Beck, K., Ehmann, N., Andlauer, T. F., Ljaschenko, D., Strecker, K., Fischer, M., Kittel, R. J. and Raabe, T. (2015). Loss of the Coffin-Lowry syndrome associated gene RSK2 alters ERK activity, synaptic function and axonal transport in Drosophila motoneurons. Dis Model Mech 8(11):1389-400. PubMed ID: 26398944
Plastic changes in synaptic properties are considered as fundamental for adaptive behaviors. Extracellular-signal-regulated kinase (ERK)-mediated signaling (see Drosophila Rolled) has been implicated in regulation of synaptic plasticity. Ribosomal S6 kinase 2 (RSK2) acts as a regulator and downstream effector of ERK. In the brain, RSK2 is predominantly expressed in regions required for learning and memory. Loss-of-function mutations in human RSK2 cause Coffin-Lowry Syndrome, which is characterized by severe mental retardation and low IQ scores in male patients. Knockout of RSK2 in mice or the RSK ortholog in Drosophila result in a variety of learning and memory defects. However, overall brain structure in these animals is not affected, leaving open the question of the pathophysiological consequences. Using the fly neuromuscular system as a model for excitatory glutamatergic synapses, this study shows that removal of RSK function causes distinct defects in motoneurons and at the neuromuscular junction. Based on histochemical and electrophysiological analyses it is concluded that RSK is required for normal synaptic morphology and function. Furthermore, loss of RSK function interferes with ERK signaling at different levels. Elevated ERK activity was evident in the somata of motoneurons, whereas decreased ERK activity was observed in axons and the presynapse. In addition, a novel function of RSK in anterograde axonal transport was uncovered. These results emphasize the importance of fine tuning ERK activity in neuronal processes underlying higher brain functions. In this context, RSK acts as a modulator of ERK signaling.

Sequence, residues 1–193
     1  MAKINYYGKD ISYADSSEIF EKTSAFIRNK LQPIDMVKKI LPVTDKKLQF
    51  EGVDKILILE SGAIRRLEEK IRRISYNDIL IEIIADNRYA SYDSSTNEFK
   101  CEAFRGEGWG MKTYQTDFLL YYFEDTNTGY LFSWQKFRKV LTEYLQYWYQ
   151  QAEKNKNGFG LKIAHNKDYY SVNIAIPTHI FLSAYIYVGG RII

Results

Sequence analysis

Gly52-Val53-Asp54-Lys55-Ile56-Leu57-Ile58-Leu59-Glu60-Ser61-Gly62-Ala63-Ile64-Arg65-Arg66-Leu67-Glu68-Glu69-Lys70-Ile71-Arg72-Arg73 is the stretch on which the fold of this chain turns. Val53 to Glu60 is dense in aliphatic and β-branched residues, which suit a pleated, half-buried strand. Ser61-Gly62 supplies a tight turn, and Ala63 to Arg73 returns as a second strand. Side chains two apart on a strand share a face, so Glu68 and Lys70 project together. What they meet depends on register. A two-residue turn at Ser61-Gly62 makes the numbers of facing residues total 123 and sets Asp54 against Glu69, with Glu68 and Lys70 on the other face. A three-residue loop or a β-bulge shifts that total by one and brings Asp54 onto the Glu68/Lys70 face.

Acevedo, S. F., Peru, Y. C. d. P. R. L., Gonzalez, D. A., Rodan, A. R. and Rothenfluh, A. (2015). S6 kinase reflects and regulates ethanol-induced sedation. J Neurosci 35: 15396-15402. PubMed ID: 26586826